It's up to you to decide what type of kissing, touching or sex you are ready for.

This is OK as long as it is something you both want to do.

To learn more about different types of sex, go to: Body Talk - Sex

There is a lot to think about before you have sex for the first time. You might be wondering how you will know when you are ready to have sex.

Some signs that you might be ready to have sex are:

  • you feel comfortable to have sex with your partner
  • you do not feel pressured to have sex with your partner
  • having sex is something you want to do
  • you are comfortable talking to your partner about practising safe sex

For more information about whether you are ready for sex and what to think about before having sex for the first time, download: The Low Down

What are STIs and how to stay safe from them?+

An important part of having sex is knowing about sexually transmitted infections and how to stay safe from them.

A sexually transmissible infection is also called an STI.

An STI is an infection that can be passed from one person to another person during unprotected sex.

Unprotected sex is sex without a condom, or when the condom breaks or slips off. To learn more about the different STIs, go to: Body Talk – STIs

To stay safe from STIs, you should learn how to use condoms correctly and have regular sexual health checks.

To learn more about using condoms, go to: Body Talk – Safe sex

A sexual health check is an appointment with a doctor or nurse where you can:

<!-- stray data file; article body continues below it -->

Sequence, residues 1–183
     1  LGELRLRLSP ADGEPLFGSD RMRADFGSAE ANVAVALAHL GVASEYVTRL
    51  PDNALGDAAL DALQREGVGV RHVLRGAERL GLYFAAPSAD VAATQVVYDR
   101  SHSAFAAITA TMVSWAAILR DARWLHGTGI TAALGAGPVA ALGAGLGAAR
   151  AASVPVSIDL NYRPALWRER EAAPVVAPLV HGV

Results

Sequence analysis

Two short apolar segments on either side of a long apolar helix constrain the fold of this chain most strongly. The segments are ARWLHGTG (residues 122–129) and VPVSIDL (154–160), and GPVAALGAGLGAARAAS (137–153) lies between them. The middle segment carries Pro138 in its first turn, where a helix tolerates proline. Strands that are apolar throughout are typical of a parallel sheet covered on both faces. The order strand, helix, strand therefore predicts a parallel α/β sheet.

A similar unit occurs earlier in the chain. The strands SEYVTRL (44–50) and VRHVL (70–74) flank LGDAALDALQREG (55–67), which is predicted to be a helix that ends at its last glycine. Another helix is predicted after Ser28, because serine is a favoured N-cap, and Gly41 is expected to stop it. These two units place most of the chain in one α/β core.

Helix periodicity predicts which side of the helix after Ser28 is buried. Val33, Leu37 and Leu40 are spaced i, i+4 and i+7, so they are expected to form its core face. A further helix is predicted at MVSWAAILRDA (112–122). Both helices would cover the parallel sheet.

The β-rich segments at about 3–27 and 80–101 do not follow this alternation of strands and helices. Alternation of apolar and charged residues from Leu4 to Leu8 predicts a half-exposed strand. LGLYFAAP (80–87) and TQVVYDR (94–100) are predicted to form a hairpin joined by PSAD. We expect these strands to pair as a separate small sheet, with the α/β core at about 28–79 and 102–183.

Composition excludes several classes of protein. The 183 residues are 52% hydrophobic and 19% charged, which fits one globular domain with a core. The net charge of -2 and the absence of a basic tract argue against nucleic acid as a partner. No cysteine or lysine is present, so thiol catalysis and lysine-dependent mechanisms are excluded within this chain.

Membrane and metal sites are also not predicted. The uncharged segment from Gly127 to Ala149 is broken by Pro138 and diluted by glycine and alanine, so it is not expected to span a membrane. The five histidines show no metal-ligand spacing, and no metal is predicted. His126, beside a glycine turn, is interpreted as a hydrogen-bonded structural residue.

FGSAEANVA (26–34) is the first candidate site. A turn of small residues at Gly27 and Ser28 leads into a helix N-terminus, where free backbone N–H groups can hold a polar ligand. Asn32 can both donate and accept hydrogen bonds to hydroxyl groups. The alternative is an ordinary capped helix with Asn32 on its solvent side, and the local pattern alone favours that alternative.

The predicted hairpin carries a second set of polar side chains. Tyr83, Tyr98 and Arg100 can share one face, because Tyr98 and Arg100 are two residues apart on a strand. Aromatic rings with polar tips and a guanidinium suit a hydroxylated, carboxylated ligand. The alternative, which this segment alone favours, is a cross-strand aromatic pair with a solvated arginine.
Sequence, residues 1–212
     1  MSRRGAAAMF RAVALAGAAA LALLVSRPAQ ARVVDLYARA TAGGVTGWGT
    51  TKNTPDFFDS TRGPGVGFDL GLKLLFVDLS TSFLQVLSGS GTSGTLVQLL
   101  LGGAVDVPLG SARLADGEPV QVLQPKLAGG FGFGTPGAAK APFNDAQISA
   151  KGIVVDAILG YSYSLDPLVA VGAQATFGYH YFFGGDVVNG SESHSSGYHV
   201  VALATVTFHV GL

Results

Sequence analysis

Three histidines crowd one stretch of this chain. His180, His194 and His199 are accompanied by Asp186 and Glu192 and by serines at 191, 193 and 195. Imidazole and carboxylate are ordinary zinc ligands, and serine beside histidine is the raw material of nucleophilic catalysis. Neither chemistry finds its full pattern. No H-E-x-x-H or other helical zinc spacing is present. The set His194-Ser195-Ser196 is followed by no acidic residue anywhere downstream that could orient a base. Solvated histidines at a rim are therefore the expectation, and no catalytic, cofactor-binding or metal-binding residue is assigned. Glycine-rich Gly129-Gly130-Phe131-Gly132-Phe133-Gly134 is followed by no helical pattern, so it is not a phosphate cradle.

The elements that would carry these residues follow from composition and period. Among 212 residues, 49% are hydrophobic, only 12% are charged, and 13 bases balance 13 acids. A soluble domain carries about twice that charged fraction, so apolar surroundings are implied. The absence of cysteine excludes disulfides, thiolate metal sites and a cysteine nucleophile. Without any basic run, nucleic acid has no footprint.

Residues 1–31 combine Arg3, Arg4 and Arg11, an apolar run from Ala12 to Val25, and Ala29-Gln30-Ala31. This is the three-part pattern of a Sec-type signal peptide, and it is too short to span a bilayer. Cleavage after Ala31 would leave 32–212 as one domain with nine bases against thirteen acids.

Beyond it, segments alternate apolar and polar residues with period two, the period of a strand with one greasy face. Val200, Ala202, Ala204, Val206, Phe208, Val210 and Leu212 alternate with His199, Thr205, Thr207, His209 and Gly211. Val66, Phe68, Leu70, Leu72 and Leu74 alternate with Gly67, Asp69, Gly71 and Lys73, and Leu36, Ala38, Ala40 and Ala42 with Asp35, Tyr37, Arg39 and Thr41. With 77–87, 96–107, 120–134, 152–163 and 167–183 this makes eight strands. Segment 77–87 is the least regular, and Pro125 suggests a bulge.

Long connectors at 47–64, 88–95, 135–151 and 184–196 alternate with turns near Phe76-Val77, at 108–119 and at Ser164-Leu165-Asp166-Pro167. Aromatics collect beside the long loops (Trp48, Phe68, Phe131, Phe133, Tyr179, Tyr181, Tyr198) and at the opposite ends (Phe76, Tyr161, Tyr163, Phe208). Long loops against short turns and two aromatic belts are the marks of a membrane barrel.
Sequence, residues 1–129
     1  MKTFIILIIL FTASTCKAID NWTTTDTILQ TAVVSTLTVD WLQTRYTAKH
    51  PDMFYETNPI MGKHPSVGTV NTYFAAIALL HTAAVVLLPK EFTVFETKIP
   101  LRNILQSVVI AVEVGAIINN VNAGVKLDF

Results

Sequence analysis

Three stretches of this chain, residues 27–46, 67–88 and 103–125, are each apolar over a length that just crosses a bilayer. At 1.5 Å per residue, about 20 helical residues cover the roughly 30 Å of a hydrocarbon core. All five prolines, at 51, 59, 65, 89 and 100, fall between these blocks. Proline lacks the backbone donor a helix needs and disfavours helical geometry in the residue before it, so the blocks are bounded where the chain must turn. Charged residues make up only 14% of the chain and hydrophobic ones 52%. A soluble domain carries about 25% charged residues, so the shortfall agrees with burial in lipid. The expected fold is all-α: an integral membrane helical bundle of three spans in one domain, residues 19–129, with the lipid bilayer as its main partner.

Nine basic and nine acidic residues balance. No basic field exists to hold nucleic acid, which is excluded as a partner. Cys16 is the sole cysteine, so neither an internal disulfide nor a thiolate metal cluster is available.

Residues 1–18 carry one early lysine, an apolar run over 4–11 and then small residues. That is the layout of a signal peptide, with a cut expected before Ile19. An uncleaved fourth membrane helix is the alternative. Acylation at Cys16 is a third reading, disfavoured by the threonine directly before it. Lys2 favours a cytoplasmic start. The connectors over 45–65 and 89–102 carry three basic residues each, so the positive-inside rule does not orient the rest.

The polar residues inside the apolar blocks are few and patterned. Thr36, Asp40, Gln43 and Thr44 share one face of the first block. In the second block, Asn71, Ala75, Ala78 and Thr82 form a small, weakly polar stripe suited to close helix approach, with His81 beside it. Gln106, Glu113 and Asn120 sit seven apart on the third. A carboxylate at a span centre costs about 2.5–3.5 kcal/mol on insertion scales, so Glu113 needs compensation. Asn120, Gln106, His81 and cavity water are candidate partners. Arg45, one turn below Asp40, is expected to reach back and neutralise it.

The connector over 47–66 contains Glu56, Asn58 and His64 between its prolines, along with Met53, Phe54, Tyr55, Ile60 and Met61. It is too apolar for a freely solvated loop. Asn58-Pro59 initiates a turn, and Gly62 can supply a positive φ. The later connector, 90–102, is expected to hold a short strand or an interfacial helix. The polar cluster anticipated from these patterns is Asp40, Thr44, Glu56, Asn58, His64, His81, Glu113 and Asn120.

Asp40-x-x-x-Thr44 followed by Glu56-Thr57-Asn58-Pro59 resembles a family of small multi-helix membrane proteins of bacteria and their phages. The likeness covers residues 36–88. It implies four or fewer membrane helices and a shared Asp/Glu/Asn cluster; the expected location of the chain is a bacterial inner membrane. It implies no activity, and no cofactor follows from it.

• have a test to check for STIs
  • get treatment for STIs
  • alk about your health
  • talk about contraception
  • talk about relationships

Sexual health checks are confidential, this means everything you talk about is private between you and your doctor or nurse.

All young people have the right to access sexual health checks and support.

To learn more about what happens in a sexual health check, go to: Body Talk – Sexual health checks

To find out where you can get free condoms in NSW, go to: Freedom condom

You can also buy condoms at places like:

  • supermarkets
  • chemists
  • petrol stations

Sexual assault+

Sex without consent is sexual assault and is against the law.

There are people you can talk to if you have been sexually assaulted. If you have been sexually assaulted and are in immediate danger, call 000. You can also go to a local hospital if you need medical care.

For advice about sexual assault for yourself, friends, family or support people, call: NSW Sexual Violence Helpline - 1800 424 017 (24 hours)

You can also find more information from NSW Sexual Assault Services. Click here to find the sexual assault service closest to you.

Full Stop Australia provides free 24/7 telephone and online counselling for anyone who has been impacted by violence or abuse.

To speak to a counsellor at Full Stop Australia, call: 1800 385 578

You can also call Kids Helpline on: 1800 551 800 (24 hours).

There is also free telephone interpreting service. Just let the counsellor know if you need an interpreter. You can also use the Telephone Interpreter Service (TIS) by calling: 131 450

If a young person has been accused of a crime after having sex, they should seek legal advice. They can get support from Shopfront or Youth Law Australia.

For more information+

Download Relationships 101 (English) booklet for information about relationships for young people from culturally and linguistically diverse backgrounds.

Click here to download.

Download The Low Down booklet for information about sexual health and relationships for young people.

Click here to download.

You can also call the Family Planning NSW Talkline on 1300 658 886 to speak to a nurse, or click here to talk to one of our nurses online.

To speak to someone in your language, call the TIS on 131 450 and ask to be connected to Family Planning NSW Talkline on 1300 658 886.

Resources in different languages:+